Villanueva, barrio El Cafetal. Flirting couple. On a rainy night a boy visits his girldfriend during a dance rehersal. If Villanueva is the core of Vallenato, the Barrio of El Cafetal (until recently a heavily guerrilla controlled area) is the core of Villanueva: for being the cradle of vallenato music, for the bohemian lifestyle of its people and for the cafeteros and the activities that revolve around the coffee production.
Just to name a few: Poncho Zuleta, Jorge Celedon, El Binomio de Oro, Jean Carlos Centeno were all born in the same street in El Cafetal and they are all now international stars of Vallenato.
Every composer got inspiration from the town’s everyday life, from its mountains, its river, its women, its coffee, its cockfights and its “magical realism” themes.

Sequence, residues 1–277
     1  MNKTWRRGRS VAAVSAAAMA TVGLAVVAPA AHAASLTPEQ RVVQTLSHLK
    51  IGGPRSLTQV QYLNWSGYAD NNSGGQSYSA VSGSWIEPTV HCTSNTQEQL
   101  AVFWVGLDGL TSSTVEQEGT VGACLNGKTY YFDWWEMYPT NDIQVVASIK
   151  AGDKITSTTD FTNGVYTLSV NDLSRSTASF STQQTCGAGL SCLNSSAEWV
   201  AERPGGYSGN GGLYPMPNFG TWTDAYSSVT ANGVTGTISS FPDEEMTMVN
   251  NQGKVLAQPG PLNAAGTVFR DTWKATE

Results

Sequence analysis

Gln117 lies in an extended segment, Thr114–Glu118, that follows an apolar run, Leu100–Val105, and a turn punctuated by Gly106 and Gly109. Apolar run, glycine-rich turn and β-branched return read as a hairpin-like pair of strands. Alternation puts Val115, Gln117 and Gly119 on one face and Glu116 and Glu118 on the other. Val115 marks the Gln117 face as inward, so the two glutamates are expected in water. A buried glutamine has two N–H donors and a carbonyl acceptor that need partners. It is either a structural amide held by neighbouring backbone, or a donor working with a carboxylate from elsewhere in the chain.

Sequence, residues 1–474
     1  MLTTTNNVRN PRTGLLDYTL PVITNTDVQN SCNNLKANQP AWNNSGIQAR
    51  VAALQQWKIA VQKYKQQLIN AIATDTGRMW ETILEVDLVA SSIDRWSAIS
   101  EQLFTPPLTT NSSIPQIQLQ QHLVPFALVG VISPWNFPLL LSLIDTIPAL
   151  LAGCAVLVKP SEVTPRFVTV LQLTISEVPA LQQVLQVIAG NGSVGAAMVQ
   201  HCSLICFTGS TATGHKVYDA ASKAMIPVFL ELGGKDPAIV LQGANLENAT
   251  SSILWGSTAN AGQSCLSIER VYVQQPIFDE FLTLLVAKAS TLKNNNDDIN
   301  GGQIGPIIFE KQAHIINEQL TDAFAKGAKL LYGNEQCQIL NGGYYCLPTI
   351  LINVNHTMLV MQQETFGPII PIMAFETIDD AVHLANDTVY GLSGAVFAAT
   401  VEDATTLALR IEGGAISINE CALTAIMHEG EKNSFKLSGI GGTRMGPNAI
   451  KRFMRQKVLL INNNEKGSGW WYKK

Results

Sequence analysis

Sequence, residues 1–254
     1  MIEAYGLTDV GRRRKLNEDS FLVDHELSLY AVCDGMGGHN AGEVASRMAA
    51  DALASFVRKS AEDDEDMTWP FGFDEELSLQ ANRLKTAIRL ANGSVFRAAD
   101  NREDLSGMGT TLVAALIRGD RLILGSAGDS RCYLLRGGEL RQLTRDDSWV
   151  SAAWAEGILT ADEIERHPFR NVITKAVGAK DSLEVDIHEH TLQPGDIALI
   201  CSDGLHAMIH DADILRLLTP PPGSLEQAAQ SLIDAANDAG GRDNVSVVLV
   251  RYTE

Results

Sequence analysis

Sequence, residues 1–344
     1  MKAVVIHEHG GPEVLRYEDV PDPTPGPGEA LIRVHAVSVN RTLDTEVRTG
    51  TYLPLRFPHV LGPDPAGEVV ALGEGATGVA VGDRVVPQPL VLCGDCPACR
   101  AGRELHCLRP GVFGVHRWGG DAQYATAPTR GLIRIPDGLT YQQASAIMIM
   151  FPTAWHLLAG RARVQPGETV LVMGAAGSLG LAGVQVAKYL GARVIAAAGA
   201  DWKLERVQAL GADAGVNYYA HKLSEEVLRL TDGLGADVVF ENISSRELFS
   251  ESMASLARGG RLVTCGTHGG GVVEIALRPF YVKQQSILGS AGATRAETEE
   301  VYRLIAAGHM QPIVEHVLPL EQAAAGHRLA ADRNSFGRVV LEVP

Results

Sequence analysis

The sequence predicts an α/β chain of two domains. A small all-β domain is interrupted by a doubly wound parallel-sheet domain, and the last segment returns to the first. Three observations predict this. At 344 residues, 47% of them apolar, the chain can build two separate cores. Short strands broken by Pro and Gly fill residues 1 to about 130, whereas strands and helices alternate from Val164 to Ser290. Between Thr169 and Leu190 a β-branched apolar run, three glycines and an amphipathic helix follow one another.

Vallenato translates as “born in the valley” and is the music of the north Colombian countryside. Originating from farmers who mixed Spanish and West African rhythms, vallenato was long derided across Colombia as unsophisticated cowboy music, before it was championed by the country’s intelligentsia, among them Gabriel García Márquez, who once described his novel One Hundred Years of Solitude to be a 350-page vallenato.